Ricardo Eliecer Neftalí Reyes Basoalto, better known as Pablo Neruda, reached Burma in 1927 after a sea voyage of several months. He was twenty-three and had recently been appointed as Chile’s honorary consul to Burma. The story goes that the impoverished young poet longed for a diplomatic posting to get away from Santiago de Chile, to step out into the world. Paris and London were unattainable dreams for a young man with few connections. When Neruda finally secured his interview, the foreign minister politely asked to which vacant posting Neruda wished to be sent. He chose Rangoon because it was the only place he had never heard of. The minister assented. Speaking very little English and no Burmese, and wholly ignorant about the place, Neruda had made a brave, adventurous decision.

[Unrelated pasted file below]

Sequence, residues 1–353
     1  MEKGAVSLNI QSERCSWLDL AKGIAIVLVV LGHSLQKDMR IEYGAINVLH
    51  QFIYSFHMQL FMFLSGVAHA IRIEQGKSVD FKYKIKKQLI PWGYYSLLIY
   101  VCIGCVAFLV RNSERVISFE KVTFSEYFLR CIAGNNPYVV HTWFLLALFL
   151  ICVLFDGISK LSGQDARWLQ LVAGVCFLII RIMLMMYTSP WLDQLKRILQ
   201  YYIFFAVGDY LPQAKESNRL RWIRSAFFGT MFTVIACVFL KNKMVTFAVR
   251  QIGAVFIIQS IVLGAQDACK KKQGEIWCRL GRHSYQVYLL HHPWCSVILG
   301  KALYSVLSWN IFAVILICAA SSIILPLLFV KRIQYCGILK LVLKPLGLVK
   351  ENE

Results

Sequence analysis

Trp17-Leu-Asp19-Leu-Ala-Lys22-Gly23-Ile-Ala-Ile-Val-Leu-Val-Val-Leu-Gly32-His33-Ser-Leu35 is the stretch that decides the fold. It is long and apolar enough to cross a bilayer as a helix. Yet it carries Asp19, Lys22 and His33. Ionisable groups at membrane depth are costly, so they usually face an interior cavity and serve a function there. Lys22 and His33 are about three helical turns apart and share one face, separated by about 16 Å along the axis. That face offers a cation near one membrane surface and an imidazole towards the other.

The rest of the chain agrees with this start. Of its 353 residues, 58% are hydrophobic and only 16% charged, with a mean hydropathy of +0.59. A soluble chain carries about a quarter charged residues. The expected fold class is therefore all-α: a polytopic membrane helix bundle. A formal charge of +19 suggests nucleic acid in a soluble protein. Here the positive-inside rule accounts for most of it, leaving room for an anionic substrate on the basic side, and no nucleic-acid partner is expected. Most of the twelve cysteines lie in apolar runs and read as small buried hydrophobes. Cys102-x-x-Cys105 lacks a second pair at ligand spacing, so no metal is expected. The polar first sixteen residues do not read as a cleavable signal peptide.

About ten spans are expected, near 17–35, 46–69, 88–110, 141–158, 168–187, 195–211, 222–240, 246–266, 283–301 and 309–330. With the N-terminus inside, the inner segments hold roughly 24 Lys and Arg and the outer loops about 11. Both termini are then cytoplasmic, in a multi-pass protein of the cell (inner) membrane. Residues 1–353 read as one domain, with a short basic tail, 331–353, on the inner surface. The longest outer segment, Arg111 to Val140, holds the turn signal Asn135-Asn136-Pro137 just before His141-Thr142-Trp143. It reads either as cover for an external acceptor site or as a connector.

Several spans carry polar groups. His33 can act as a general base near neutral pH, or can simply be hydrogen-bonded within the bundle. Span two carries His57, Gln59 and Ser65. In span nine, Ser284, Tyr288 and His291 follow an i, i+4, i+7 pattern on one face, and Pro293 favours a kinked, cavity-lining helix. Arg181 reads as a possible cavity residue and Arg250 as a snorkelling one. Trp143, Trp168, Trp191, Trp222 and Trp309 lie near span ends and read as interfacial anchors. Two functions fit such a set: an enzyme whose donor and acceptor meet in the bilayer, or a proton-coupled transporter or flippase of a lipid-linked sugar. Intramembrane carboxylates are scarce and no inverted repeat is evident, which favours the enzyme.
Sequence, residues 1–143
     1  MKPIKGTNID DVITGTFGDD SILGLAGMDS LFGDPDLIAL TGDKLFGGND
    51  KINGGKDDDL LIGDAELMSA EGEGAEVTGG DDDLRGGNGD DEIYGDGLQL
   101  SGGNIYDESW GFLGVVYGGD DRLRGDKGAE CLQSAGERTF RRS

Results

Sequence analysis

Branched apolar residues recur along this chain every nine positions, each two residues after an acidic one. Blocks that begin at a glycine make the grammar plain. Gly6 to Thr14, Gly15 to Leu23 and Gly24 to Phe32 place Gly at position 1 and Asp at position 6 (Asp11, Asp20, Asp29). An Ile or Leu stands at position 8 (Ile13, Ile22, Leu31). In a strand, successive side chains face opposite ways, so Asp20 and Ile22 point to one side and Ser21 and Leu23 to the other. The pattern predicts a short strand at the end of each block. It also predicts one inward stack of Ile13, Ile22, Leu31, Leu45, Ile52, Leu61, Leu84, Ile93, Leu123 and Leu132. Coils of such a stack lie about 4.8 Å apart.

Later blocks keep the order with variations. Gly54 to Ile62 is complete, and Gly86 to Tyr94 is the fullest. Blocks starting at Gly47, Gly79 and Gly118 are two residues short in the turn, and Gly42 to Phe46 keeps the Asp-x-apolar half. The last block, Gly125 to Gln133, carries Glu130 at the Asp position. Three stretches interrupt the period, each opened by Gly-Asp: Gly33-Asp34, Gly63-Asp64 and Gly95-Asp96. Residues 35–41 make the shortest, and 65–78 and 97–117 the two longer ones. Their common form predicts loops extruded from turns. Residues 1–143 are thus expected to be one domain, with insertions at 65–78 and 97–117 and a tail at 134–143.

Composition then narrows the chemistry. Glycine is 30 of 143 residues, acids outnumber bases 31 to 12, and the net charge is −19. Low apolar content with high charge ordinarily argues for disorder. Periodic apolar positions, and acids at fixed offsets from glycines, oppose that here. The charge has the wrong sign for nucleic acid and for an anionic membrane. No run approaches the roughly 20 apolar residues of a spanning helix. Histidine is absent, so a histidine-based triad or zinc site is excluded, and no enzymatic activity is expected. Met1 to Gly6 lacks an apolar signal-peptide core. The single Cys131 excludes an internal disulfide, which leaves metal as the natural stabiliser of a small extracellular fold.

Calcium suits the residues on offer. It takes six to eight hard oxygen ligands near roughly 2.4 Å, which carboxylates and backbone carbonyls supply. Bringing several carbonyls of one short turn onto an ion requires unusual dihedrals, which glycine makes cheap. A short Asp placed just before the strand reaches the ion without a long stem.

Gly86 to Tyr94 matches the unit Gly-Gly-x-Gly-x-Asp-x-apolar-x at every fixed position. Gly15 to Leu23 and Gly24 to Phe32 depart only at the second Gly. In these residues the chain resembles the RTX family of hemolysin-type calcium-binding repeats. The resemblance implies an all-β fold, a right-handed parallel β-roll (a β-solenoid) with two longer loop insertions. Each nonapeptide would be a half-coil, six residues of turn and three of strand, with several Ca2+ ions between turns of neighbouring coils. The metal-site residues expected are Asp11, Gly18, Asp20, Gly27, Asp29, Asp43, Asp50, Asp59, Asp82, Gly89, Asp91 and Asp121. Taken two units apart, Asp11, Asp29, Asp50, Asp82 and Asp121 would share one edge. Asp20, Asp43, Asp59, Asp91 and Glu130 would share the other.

Neruda’s main job in Rangoon was to go down to the port to inspect shipments of paraffin and tea that would eventually dock in Chile. The tedium compounded his loneliness. To make matters harder for himself, the radically minded young poet resolved to avoid the British colonial establishment. Nor does he seem to have cultivated any friendships with the Indians, Portuguese, French, Jews or Armenians living in Rangoon at the time. He was scornful of the espantosos Ingleses — the ghastly British. George Orwell, who was a policeman in Upper Burma at about the same time, also described the British settlers as a stultifying crowd. But for a young man badly in need of company, the standoffishness was unwise. Neruda became a very isolated observer of a city he did not begin to understand. In Rangoon 1927 (Alistair Reed’s translation*):